Thanks for the tip I just got the Kindle version on Amazon for $6.99. Speaking of Spitfires I watched the movie "Dunkirk" a couple of days ago and while I normally hate the phony CGI graphics used to depict aireral scenes in todays movies this stuff was really well done and very realistic. No crazy overblown action, I recommend it if you haven't seen it yet.
 

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Old Rheinbeck is super cool. Well worth the trip, especially if you're a pilot or aviation/history buff. The biplane ride was fun. One of my brother's-in-law chickened-out and wouldn't go. Couldn't even shame him into it.
 

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Keep meaning to visit that place when we are back in CT. Always seem to forget. Would like to see some of the old airplanes. Father learned to fly in an old Jenny, when they were not that old, lol. Barnstormed as a teenager in the Midwest with a guy who flew a Swallow biplane. Still have a picture of him in his coveralls next to the pilot and the airplane. In later years he helped rebuild a beautiful Howard airplane, putting a larger engine in it and full aluminum skin. Last airplane he helped restore was the Boeing 100 biplane, first built in 1926, in the Seattle Air Museum.

I was never really into the older airplanes as my older aero educated bro was (he went on to be chief engineer for the Boeing half of the F-22), while I ended up being interested in later experimental craft such as the X-15.

One of the X-15 test pilots was a fav of mine, Scott Crossfield, who was just a few years ahead of me in my aero classes at the U of Washington, and later in life went on to co-write the book, "Always Another Dawn" about being a test pilot. Crossfield was the first pilot to exceed double the speed of sound in flight.

The X-15 was a phenom for it's time in the 60's, reaching a max altitude of 67 miles (354,200 ft), and a max speed of mach 6.7 (4500 mph), still holding the records for a suborbital manned airplane (the orbital space shuttle doesn't count).

Anyway, Rheinbeck, yes, must see it someday.
 

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Happy Independence Day Alfa Folks.

My flag went up the pole as the sun came up and it will stay there until sundown on Sunday when I go back to work on Monday.

My flag has a special story I usually tell around the fire after the BBQ is consumed.

As a first generation immigrant I appreciate July 4th and all that it means.

Have a good day ahead my fellow Americans.

Ta,

Neville.
 

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Our Flag and pole is in Lakeland with ML as we took it down there in May in our last trailer pack out.

I have my flag I got from my last Navy Squadron upon my retirement from active duty in 1979 still Tri-angle folded on a pouch made in our paraloft shop.
 

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Enjoying a nice 75F low humidity day, doing some chores around the house and yard, after once again taking the 91S out for it's grocery run. Always look forward to that.

Will celebrate our country's independence of course, always do, but wondering where it is headed now (cannot say I'm not concerned). Will have an international dinner (thinking of all, not just us) a very nice Argentinian shrimp ****tail for two, a Mexican avocado, a couple of fresh Alaska Sockeye salmon filets, a nice bottle of French Viognier wine, and watch the town's fireworks show from our deck. Always a good one (our taxes at work).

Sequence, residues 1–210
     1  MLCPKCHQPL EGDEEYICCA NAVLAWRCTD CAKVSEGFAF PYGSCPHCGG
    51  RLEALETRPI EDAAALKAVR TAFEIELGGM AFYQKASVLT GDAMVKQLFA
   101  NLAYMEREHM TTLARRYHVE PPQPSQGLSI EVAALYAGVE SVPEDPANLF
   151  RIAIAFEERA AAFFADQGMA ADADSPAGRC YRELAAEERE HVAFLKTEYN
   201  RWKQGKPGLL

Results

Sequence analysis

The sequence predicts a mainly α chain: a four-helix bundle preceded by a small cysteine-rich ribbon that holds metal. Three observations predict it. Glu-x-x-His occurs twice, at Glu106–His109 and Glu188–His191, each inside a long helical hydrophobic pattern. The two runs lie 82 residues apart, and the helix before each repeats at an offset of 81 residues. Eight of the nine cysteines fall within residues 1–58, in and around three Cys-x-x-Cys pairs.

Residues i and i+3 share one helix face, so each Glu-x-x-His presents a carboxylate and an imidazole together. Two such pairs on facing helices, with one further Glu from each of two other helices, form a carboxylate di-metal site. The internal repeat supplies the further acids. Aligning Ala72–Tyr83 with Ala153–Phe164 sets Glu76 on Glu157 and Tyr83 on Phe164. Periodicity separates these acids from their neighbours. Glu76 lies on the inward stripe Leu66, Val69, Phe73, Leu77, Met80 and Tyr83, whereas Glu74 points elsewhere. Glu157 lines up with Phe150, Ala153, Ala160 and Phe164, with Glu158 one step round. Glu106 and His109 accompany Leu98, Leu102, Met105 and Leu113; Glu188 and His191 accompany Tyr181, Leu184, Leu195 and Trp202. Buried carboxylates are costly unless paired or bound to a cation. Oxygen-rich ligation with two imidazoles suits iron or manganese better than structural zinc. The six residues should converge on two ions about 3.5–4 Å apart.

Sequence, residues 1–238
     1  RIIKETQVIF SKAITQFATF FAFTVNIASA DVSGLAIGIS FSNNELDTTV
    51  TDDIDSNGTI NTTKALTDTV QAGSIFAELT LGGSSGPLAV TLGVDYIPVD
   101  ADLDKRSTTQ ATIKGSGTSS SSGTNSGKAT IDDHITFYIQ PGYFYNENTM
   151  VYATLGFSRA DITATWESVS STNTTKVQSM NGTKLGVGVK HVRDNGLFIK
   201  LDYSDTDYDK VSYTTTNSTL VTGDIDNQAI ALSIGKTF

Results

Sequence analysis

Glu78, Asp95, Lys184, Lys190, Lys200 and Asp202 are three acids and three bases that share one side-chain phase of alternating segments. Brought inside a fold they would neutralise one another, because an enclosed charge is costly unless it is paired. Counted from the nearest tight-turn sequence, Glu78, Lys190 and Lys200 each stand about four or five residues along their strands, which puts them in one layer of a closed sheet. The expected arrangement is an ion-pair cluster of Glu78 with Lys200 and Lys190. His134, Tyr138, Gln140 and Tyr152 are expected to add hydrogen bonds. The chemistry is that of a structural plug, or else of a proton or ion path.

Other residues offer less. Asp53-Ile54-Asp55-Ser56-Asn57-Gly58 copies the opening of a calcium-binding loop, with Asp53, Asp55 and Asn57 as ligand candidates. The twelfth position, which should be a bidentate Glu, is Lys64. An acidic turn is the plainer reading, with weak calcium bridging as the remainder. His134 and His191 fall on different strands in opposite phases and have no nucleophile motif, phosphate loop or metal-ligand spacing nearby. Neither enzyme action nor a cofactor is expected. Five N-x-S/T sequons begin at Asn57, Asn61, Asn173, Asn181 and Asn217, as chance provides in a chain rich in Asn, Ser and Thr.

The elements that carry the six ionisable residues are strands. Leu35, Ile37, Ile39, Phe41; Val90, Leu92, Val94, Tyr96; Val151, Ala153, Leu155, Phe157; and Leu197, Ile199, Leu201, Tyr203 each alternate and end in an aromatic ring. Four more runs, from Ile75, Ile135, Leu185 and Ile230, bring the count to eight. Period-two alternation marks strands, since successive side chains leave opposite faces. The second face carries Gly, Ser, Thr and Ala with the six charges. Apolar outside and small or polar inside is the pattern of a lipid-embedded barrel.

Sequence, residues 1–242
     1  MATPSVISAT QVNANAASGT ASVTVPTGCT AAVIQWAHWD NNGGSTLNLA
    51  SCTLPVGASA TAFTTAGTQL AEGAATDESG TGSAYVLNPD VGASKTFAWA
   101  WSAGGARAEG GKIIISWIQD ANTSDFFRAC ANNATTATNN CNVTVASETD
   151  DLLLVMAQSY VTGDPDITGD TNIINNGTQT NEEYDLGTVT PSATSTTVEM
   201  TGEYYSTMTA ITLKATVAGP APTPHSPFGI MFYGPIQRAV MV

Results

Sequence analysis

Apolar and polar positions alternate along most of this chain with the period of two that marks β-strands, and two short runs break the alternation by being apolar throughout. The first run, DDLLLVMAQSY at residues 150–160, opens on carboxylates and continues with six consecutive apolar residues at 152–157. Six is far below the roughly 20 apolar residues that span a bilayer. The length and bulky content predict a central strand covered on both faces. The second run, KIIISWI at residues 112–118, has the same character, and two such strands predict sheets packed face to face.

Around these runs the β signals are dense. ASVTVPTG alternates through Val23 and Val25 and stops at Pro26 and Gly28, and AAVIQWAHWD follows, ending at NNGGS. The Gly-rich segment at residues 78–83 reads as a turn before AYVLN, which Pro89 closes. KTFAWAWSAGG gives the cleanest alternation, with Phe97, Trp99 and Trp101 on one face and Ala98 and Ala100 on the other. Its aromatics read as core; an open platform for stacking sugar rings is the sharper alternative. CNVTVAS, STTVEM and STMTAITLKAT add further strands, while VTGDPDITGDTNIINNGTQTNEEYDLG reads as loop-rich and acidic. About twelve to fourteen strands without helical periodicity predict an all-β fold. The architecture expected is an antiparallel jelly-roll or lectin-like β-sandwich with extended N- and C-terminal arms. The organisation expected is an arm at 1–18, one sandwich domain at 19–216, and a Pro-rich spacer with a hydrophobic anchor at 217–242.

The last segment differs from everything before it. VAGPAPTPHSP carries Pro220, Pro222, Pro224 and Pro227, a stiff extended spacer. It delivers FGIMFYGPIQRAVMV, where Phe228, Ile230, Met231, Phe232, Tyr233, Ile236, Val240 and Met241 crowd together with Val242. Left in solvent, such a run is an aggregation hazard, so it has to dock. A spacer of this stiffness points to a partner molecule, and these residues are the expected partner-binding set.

Anyway, enjoy this day, remembering the incredible founding of our country and the ethical tenets of democracy the Founding members inspired which we strive to maintain. Brilliant group of individuals for the most part (they did miss on a couple of ideas, lol).

Others around the world in the BB, or not, who participate in, or hope for, democracy and have or wish to have freedoms/independence are certainly welcome to celebrate in their own ways, these ideas being for all.
 

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Thanks for the tip I just got the Kindle version on Amazon for $6.99. Speaking of Spitfires I watched the movie "Dunkirk" a couple of days ago and while I normally hate the phony CGI graphics used to depict aireral scenes in todays movies this stuff was really well done and very realistic. No crazy overblown action, I recommend it if you haven't seen it yet.
The most compelling production feature was the lack of dialogue or loud explosions in some scenes. The Spitfire going down, for example, all you heard was the breathing of the surviving plane and not the perspective of the one heading in. Not a Hollywood movie for sure.
 

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Not much Alfa time lately. Pool to get running, work to be done (sometimes even producing income!!), sick puppy, so-on. I got the Boge struts back together. New lower bearings, rubbers and bumpers from various sources I have know for awhile. The top bearings, despite the modular design, could not be identified so I freed them up enough to make them work. The left side is still 1 cm lower than the right side but less creaking over bumps. Now, time permitting, I can fix the hole in the trunk (likely the source of the exhaust smell), remove the rear bench to put in a new nut to hold down the heat shield (bolt just spins and spins) and then re and re the cooling fan, rad, pipe, lines and check all of the brake lines from the abs pump and general de-grunging under the airbox. I am still contemplating picking up a 92 that has been sitting for a year. Wrong color for body parts and trim fittings but the interior is beautiful and the glass is all good. Also a good tranny AND the air works!!. The bonus would be the telephone-style wheels. If he agrees, I will pay him and swap my old stock rims for his new ones and he can keep the rest. i just don't want a parts car in the driveway.